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November 5, 2012

How Michigan Embezzlment Charges are Investigated

Embezzlement cases have always been a large part of my Criminal Practice. Having handled countless Embezzlement charges in Macomb, Oakland and Wayne Counties, I've grown to like them. I have written a number of Embezzlement articles on this blog, and have given the subject a concise overview on my website. Instead of rehashing the whole process of being contacted by a Police Detective (or Loss Prevention person from a company) and how to assert your right to not incriminate yourself, all the way to how these cases are usually resolved, this article will focus more on why the investigation into an allegation of embezzlement is usually quite different in character from the investigation into any other alleged Criminal Offense.

In the first instance, there is almost never a situation where the Police discover "Embezzlement" without there having first been a report from an outside source. Other kinds of Criminal charges, such as DUI, or Possession of Controlled Substances, or even Indecent Exposure, are discovered, or "happened upon" by the Police as part of their routine patrols. That doesn't happen with Embezzlement.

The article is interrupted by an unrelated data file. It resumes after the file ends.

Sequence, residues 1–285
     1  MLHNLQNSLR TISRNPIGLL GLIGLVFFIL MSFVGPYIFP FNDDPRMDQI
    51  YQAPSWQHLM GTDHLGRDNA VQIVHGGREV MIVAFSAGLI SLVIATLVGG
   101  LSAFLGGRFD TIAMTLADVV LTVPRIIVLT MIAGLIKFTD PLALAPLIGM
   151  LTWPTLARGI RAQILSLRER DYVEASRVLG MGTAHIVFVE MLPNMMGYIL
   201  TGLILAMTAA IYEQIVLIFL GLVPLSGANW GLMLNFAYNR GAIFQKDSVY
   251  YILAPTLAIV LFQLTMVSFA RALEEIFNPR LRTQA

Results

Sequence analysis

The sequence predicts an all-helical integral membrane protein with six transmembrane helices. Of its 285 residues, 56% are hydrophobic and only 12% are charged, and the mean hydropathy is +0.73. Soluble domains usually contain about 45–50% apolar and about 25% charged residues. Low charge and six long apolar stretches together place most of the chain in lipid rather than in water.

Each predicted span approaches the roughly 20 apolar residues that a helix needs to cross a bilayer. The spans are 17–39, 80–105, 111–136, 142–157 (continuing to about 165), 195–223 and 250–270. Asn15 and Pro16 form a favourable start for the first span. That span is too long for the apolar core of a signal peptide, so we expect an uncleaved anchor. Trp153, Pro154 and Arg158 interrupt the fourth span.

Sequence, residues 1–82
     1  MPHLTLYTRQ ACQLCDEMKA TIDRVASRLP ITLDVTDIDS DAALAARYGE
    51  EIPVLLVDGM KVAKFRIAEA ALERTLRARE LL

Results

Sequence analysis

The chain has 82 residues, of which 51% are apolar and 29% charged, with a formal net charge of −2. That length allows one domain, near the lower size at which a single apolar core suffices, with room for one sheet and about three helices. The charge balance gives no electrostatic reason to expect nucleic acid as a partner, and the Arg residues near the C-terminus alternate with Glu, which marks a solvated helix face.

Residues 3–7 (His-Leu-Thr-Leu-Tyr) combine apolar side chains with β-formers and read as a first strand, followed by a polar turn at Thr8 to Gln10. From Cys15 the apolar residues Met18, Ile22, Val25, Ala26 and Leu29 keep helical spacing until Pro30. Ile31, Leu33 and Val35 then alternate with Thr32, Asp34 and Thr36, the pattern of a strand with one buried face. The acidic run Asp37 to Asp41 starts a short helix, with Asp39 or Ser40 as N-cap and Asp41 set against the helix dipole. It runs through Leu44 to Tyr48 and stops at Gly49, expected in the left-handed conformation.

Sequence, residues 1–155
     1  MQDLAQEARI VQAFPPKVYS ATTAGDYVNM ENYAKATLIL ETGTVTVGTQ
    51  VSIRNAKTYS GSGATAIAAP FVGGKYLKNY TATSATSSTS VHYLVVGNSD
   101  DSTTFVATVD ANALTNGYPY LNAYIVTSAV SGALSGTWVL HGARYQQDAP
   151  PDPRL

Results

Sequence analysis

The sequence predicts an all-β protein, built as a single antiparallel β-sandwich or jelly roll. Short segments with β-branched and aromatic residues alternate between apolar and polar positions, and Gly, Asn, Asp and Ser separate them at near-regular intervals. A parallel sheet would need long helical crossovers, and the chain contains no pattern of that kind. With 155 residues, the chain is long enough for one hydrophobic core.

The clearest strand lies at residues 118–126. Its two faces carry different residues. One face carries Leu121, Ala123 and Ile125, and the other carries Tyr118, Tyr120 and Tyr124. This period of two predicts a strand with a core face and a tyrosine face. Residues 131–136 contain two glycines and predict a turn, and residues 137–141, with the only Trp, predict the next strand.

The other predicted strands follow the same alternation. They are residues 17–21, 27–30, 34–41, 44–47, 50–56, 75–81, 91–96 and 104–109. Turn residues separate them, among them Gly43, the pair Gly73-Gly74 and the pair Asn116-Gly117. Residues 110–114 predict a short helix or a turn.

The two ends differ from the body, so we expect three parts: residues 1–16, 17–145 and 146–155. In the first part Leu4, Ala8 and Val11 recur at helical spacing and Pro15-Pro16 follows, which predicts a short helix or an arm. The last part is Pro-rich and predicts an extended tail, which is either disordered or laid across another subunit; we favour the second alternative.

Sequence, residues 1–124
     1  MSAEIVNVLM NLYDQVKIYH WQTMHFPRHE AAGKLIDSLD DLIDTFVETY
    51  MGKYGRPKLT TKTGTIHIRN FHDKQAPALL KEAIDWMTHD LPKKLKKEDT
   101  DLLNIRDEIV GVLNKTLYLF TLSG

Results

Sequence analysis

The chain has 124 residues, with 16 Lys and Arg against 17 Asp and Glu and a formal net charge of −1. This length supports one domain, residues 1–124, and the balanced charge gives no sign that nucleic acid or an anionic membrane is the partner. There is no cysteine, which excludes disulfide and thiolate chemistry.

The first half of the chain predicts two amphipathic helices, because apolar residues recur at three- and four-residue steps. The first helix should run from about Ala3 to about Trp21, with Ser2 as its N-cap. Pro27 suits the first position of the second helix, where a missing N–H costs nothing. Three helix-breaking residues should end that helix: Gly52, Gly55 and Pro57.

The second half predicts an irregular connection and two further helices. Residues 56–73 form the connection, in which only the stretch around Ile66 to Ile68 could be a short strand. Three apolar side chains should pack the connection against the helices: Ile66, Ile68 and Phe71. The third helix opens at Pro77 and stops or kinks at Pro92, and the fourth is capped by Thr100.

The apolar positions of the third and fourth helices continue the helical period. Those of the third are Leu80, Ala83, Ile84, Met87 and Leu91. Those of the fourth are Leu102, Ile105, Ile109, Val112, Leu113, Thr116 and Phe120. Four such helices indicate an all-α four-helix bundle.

Inestigate 1.2.jpgMost often, an employer suspects Embezzlement by an employee after the discovery of something "strange." Here is where the scenarios can be all over the map. In some cases, a little "skimming" may have gone unnoticed for years and years. In other cases, a suspected monetary shortfall is questioned, and irregularities turn up. Embezzlement charges can involve things from unauthorized charges on an employee charge card or expense account, to the distribution of funds through bogus checks, sales commissions paid, or merchandise obtained from "fake" sales, as well as just about anything else you can imagine where merchandise, money or "value" has been diverted from the employer.